Have a great weekend when it comes; I’ll be making the most of the last couple of days of lie-ins and sunshine, in-between stitching in name tags and retrieving long-abandoned school kit from corners around the house..

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Molten chocolate fondants with sea-salt caramel sauce; calorie-free! (not really..)

chocolate fondant pots with seasalt caramel sauce

A quick post today in case you’re looking for culinary inspiration for the weekend…. I’m preparing molten chocolate fondants for dinner with friends tonight, and they’ve become a fail-safe favourite.  The brave will tackle these with relish and determination, stopping only when there is not a crumb or smudge of warm chocolate left, but even those who usually decline desserts tend to manage a spoonful or three.

My recipe is a composite of numerous ones I’ve tried; I think that every cookbook tends to have one.  The beauty of these though is that you can prepare them the evening before and just pop them in the oven when everyone is still congratulating you on the main course (at least in the fantasy world of how you imagine that the evening will go..).  After just 10-12 minutes they will be lightly crusted on top, cake-like at the sides and full of molten deliciousness in the middle.  If you want to be extraordinarily clever and are one of life’s risk-takers, you can actually tip these out of the ramekins or pots at the table, to oohs and ahhs of surprise.  Me?  I keep them in the pan; these mini Mauviel pans I found at an antiques fair last year;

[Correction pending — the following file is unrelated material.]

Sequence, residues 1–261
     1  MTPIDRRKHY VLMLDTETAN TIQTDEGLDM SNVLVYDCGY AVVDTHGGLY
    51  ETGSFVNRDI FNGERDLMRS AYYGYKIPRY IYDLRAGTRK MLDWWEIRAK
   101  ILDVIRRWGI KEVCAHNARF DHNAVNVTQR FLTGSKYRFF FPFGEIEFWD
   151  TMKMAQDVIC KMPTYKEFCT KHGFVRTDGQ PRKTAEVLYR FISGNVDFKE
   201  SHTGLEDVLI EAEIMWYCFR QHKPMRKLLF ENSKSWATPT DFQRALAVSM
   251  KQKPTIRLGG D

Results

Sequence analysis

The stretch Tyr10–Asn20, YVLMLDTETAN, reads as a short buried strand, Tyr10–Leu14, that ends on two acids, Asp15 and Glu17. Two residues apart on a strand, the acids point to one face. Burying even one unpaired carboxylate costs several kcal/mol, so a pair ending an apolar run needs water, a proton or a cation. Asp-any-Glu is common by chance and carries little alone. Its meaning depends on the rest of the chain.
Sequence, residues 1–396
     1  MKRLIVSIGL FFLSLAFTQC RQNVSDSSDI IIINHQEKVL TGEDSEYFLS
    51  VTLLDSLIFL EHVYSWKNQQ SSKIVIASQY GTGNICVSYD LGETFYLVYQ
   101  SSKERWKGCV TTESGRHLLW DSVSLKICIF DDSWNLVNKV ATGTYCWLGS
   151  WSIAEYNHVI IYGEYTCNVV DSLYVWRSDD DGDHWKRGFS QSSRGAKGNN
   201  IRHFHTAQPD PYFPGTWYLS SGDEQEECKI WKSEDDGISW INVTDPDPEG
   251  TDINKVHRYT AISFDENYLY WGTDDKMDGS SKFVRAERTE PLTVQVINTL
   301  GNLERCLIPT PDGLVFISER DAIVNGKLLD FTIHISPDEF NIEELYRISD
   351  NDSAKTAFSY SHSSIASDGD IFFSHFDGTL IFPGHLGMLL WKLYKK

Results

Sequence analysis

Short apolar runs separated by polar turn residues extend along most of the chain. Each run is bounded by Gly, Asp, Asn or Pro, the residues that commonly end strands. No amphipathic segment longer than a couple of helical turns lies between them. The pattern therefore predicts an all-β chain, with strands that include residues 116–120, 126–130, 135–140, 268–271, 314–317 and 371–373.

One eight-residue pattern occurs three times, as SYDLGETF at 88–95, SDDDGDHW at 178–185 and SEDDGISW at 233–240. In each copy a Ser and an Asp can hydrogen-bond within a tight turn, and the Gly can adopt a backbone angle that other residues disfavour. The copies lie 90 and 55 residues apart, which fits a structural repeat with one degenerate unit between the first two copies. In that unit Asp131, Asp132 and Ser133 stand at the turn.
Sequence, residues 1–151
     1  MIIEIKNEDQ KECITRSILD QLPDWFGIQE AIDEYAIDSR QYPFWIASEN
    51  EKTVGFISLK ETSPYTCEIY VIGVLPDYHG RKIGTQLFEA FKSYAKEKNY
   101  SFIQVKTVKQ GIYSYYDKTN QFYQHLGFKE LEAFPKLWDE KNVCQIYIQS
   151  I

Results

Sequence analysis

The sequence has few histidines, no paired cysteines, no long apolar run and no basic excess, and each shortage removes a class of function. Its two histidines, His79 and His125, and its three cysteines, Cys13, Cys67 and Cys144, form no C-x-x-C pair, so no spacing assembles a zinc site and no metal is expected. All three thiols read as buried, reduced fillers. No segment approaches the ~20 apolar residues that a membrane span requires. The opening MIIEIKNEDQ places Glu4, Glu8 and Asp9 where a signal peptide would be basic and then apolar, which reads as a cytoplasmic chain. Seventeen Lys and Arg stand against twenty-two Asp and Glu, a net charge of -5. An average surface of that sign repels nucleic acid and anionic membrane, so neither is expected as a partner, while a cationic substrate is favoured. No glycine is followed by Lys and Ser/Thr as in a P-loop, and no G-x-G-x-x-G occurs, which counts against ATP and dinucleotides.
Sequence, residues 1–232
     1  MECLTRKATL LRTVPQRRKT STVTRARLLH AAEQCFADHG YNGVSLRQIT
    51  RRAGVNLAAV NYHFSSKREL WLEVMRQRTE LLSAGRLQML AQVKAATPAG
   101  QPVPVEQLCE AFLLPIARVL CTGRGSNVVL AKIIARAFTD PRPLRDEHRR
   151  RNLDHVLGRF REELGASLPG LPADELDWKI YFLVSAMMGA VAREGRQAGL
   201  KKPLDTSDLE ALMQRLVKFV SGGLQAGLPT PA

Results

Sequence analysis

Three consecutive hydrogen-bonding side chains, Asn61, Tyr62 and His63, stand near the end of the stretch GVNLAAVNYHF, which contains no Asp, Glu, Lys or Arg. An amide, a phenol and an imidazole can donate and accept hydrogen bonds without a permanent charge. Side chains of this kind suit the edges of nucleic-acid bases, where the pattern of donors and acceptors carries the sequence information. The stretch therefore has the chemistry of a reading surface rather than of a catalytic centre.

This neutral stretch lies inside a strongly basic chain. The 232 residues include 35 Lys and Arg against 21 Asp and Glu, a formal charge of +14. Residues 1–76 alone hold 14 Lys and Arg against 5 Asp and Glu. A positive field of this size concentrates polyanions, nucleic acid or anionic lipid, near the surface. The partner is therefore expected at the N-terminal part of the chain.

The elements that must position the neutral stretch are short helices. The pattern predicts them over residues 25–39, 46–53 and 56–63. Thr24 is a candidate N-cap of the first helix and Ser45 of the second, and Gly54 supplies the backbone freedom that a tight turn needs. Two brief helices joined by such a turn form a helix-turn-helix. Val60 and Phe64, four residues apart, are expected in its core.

Mauviel pans

Here’s the recipe, which makes 6 pots…..

Chocolate fondant recipe

When they come out of the oven, they will be beautifully soft and molten in the middle..

Molten fondant pots with seasalt caramel

For the salted caramel sauce, look no further than Nigella, who has this easy-to-follow recipe for whipping up a generous amount with relatively little effort.  Or, if you’re like me and value a short-cut, look no further than the shelves of M&S or any good supermarket for a jar of it, and hope that your guests will be so distracted by your obviously-homemade fondant that they fail to ask how you made the salted caramel sauce.  If cornered, quote Nigella.  You can also use dulce de leche and add a few flakes of fleur de sel on top, as in my pictures above; drizzle it over the pudding and then stir in as you break the top…

fondant pots with salted caramel sauce

And then if you’re feeling virtuous, run for approx. 6hrs on a treadmill to ensure that your dinner is calorie-neutral.

But then, where’s the fun in that?